Following instructions from SailRite, I had cut down the old #2 genoa (140%) that came with this new-to-me old racing boat so that it would fit on the new roller furler installed this winter. I added a foam luff pad as well, again following instructions from SailRite. I think this sail may have been relatively flat cut to begin with, but it really seems to keep a great shape when rolled up, even to the size of a #4. I think having a low clew height to begin with (this was a deck sweeping racing sail) and easily adjustable sheet lead positions helps.
The main is set up with "single-line" reefing -- I added ball-bearing blocks at the reef cringles (tacks and clews). We drop the halyard to the appropriate mark and take in on the reefing line which brings in both the tack and clew simultaneously. It works pretty well, and will be even better when I get slugs installed on the luff of the sail instead of the bolt rope (the bolt rope doesn't run back through the pre-feeder when pulling in the reefing line unless someone is at the mast the pull it through).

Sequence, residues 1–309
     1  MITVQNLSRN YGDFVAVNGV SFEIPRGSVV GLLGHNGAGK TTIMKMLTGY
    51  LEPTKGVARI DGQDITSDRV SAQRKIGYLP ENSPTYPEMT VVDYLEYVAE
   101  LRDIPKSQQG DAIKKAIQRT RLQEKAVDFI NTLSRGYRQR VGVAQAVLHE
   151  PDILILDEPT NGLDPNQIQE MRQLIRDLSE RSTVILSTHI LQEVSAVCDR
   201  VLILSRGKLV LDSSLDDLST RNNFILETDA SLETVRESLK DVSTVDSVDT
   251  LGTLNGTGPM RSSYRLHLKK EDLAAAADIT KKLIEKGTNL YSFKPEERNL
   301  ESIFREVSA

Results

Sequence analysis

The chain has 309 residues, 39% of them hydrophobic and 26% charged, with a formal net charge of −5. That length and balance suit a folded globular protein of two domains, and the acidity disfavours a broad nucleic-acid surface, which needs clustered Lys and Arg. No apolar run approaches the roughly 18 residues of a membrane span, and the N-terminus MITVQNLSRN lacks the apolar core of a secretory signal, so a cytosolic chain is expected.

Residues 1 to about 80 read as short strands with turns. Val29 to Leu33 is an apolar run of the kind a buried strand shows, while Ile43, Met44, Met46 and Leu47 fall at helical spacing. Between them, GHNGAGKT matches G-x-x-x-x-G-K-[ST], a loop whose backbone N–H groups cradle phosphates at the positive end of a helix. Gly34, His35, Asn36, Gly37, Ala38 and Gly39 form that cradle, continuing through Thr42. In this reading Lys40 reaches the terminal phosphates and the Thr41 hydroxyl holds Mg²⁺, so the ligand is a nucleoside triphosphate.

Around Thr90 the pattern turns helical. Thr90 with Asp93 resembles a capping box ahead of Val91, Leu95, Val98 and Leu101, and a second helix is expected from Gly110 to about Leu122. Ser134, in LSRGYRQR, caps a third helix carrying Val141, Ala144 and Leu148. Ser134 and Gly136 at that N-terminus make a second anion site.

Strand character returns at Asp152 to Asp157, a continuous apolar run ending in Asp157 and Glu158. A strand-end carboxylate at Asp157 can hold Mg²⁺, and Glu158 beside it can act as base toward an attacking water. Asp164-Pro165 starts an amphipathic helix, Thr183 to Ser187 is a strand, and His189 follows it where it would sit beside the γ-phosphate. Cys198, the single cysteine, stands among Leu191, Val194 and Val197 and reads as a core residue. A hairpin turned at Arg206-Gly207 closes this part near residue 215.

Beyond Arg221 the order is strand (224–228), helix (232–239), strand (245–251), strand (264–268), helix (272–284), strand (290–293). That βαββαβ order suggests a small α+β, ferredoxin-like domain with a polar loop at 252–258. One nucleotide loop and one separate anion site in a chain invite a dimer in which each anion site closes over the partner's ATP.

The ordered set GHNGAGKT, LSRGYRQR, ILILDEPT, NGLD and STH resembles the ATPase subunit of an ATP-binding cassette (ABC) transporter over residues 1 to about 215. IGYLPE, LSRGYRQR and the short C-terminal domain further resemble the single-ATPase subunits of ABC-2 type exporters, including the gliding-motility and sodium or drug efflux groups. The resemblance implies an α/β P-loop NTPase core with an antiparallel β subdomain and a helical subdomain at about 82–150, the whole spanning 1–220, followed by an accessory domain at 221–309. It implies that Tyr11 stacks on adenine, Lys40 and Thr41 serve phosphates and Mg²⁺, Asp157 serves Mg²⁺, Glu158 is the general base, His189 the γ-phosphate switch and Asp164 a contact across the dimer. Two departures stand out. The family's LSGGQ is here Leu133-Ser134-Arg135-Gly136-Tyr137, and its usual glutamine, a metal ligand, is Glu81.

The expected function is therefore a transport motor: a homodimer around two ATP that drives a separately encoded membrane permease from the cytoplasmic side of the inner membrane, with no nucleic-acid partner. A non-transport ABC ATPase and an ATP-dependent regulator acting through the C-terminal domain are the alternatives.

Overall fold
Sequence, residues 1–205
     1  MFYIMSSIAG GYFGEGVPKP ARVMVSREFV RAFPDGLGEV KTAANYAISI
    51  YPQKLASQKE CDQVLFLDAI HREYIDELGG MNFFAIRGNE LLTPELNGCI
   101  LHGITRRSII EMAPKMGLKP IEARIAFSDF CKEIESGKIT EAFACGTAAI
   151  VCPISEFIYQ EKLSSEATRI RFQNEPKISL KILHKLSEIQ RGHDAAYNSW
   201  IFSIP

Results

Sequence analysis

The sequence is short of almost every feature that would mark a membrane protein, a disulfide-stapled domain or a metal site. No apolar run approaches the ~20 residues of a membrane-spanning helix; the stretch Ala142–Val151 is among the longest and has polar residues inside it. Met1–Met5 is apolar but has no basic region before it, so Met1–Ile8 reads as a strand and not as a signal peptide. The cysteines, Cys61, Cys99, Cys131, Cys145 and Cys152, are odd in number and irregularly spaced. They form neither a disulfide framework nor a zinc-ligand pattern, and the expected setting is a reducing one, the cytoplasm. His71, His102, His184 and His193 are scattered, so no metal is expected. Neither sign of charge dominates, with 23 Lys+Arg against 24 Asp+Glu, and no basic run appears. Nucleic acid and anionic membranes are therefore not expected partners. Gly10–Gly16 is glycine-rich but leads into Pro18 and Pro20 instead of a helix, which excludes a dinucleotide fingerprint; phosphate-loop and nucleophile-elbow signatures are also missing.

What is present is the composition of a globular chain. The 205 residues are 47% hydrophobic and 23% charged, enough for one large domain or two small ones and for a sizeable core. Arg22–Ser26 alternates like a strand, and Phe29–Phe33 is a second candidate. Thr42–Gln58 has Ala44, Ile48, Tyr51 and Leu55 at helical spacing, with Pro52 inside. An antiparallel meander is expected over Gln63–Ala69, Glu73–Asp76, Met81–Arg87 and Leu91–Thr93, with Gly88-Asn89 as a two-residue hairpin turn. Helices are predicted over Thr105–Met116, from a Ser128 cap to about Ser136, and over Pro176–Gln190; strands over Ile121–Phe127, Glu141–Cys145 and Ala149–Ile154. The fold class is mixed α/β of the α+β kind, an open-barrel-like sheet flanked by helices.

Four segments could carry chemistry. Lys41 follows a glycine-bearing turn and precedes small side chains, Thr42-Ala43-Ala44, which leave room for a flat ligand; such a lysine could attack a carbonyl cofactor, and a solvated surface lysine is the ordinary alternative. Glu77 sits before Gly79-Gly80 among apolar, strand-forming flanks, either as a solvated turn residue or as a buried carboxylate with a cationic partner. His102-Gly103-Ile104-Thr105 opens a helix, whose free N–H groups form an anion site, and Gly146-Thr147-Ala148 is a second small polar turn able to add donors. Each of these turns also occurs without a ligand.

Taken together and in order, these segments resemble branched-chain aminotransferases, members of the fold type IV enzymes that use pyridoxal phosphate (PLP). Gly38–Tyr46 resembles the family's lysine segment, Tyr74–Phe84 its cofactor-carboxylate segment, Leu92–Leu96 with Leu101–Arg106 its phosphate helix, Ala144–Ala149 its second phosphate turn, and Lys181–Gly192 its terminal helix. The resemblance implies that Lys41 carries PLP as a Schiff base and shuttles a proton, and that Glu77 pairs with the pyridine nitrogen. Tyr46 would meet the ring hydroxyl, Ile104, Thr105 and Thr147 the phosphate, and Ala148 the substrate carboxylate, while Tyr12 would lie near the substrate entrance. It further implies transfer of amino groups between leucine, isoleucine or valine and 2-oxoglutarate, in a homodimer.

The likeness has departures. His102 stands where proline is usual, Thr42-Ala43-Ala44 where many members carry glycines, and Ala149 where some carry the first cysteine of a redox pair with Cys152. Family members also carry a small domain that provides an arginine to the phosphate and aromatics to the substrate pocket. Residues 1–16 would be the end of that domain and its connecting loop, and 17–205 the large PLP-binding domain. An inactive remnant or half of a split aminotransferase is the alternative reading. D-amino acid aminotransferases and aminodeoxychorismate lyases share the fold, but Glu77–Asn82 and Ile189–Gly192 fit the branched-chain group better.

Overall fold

Soon, we ended up taking the "third-reef" in the main (i.e. dousing it all together) and sailing with just the jib alone, rolled up to #4 size. Our course was a close reach, and during the worst of it we were footing off a bit for a somewhat easier ride in the 12-foot "combers." When on top of a wave, looking out across the sea you could see the occasional wave popping up even higher. I guessed that conditions were Force 6 or 7; upon listening to the weather on the radio, the navigator reported that we were in a bona-fide Gale with winds of 35 knots and gusts up to 40.
While the winds and seas were impressive, and I found myself contemplating what the next steps would be should the conditions get even heavier, the boat was really sailing very well (she's a great boat!) and I was having a great time. One of the crew later reported that he kept looking at me and the other experienced crew to see whether he should be scared or not. We of course found the sailing exhilarating, and so did he.